[G]overnment officials performing discretionary functions generally are shielded from liability for civil damages insofar as their conduct does not violate clearly established statutory or constitutional rights of which a reasonable person would have known ... If the law at that time was not clearly established, an official could not ... fairly be said to "know" that the law forbade conduct not previously identified as unlawful ... If the law was clearly established, the immunity defense should ordinarily fail, since a reasonably competent public official should know the law governing his conduct.
Harlow v. Fitzgerald, 457 U.S. 800, 818-19, 102 S. Ct. 2727, 2738-39, 73 L. Ed. 2d 396 (1982); see also Fernandez v. Leonard, 784 F.2d 1209, 1214 (1st Cir. 1986). Although the immunity is ordinarily lost if the law was clearly established at the time of the deprivation, the immunity can be sustained "if the official pleading the defense claims extraordinary circumstances and can prove that he neither knew nor should have known of the relevant legal standard...." Harlow, 457 U.S. at 819, 102 S. Ct. at 2739.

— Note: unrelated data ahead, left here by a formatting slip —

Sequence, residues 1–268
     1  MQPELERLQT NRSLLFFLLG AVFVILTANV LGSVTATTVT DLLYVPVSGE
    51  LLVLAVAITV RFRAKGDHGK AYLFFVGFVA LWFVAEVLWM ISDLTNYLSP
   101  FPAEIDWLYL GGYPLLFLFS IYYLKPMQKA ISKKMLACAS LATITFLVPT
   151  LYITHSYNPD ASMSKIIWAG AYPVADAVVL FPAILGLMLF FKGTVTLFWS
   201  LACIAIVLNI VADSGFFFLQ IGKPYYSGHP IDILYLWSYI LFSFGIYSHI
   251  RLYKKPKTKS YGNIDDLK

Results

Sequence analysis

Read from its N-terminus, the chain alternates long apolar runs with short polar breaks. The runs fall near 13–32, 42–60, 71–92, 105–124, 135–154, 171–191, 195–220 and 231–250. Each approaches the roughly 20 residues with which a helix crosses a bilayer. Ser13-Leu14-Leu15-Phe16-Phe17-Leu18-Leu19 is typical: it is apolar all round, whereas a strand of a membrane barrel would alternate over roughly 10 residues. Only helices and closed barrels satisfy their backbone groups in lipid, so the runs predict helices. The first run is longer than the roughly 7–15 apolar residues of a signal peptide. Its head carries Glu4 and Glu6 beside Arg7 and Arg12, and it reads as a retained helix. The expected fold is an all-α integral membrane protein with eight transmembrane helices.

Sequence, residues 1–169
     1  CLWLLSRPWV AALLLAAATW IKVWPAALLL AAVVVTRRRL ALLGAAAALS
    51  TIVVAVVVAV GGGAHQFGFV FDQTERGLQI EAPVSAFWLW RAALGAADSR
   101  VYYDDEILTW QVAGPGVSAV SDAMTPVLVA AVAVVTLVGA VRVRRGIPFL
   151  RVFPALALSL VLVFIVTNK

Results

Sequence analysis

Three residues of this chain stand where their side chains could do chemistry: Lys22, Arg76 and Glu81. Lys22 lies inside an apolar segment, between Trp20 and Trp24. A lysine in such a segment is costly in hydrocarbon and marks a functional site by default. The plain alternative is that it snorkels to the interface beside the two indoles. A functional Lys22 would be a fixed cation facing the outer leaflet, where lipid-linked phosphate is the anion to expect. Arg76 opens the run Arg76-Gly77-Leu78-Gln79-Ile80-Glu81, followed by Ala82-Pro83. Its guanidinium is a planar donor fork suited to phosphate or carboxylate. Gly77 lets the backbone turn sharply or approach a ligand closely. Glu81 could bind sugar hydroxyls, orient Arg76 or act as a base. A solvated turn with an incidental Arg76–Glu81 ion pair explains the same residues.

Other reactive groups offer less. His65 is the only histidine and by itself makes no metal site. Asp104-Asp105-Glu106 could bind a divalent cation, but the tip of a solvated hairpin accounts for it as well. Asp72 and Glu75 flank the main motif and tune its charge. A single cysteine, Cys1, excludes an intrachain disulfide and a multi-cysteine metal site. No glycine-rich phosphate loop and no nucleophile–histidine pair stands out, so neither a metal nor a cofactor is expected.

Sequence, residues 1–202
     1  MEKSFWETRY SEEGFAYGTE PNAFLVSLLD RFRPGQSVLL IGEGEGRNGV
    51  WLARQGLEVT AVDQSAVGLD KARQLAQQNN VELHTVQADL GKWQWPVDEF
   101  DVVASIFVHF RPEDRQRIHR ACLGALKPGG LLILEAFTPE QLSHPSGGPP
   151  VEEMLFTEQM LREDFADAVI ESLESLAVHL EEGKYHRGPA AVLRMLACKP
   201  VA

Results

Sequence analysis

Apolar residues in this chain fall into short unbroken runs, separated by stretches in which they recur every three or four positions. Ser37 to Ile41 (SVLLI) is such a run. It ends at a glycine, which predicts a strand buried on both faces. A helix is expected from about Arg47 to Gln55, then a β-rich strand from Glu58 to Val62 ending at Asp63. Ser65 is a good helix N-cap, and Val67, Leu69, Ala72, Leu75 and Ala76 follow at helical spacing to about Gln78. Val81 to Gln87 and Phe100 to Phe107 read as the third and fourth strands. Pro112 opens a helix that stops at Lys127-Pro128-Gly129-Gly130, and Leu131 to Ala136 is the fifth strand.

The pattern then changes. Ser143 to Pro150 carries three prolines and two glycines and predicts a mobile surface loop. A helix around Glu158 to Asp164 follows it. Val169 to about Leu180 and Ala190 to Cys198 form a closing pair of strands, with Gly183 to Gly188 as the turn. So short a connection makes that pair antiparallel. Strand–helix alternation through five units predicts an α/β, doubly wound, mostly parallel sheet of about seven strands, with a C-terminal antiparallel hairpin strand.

Here, the relevant law was clearly established by August, 1983, when non-compliance with rule 22 deprived Ms. Maldonado of due process. In 1976 the Supreme Court made clear that protected liberty interests respecting prison transfers do not inhere in the due process clause, but may be created when state statutes or regulations impose conditions on the discretionary power to transfer. Montanye v. Haymes, 427 U.S. 236, 242, 96 S. Ct. 2543, 2547, 49 L. Ed. 2d 466 (1976) ("[N]o Due Process Clause liberty interest of a duly convicted prison inmate is infringed when he is transferred from one prison to another ... with or without a hearing, absent some right or justifiable expectation rooted in state law that he will not be transferred except for misbehavior or upon the occurrence of other specified events."); Meachum v. Fano, 427 U.S. 215, 225-26, 96 S. Ct. 2532, 2539, 49 L. Ed. 2d 451 (1976). Federal courts repeatedly applied this principle prior to August, 1983 in finding that state statutes or regulations had created due process liberty interests in the procedures respecting both intra- and inter-prison transfers. See Parker v. Cook, 642 F.2d 865, 875 (5th Cir. Unit B 1981); Bills v. Henderson, 631 F.2d 1287, 1290-94 (6th Cir. 1980); Lamb v. Hutto, 467 F. Supp. 562, 566 (E.D. Va. 1979); United States ex rel. Hoss v. Cuyler, 452 F. Supp. 256, 289-90 (E.D. Pa. 1978); Bono v. Saxbe, 450 F. Supp. 934, 941 (E.D. Ill. 1978), remanded on other grounds, 620 F.2d 609 (7th Cir. 1980); Wright v. Enomoto, 462 F. Supp. 397, 402-03 (N.D. Cal. 1976), aff'd, 434 U.S. 1052, 98 S. Ct. 1223, 55 L. Ed. 2d 756 (1978); cf. Vitek v. Jones, 445 U.S. 480, 489-90, 100 S. Ct. 1254, 1261-62, 63 L. Ed. 2d 552 (1980) (finding state-created liberty interest in statutory limits upon transfers of prisoners to mental hospitals); Garcia v. DeBatista, 642 F.2d 11, 14-17 (1st Cir. 1981) (finding liberty interest created by Puerto Rico Correctional Administration regulations governing the recommittment of half-way house residents to prison); Mitchell v. Hicks, 614 F.2d 1016, 1019-20 (5th Cir. 1980) (reversing district court's dismissal of complaint alleging, inter alia, that Florida prison regulations created liberty interest in procedures governing assignment of prisoners to "close management" status); Raso v. Moran, 551 F. Supp. 294, 297 (D.R.I. 1982) (finding state-created liberty interest in regulations permitting prisoners to donate blood in exchange for reductions of sentences). Thus, when the Supreme Court stated in February, 1983 that a prison regulation using "mandatory language in connection with ... specific substantive predicates ... create[s] a protected liberty interest," Hewitt v. Helms, 459 U.S. 460, 462, 103 S. Ct. 864, 871, 74 L. Ed. 2d 675 (1983), it reaffirmed a case line of at least seven years' duration.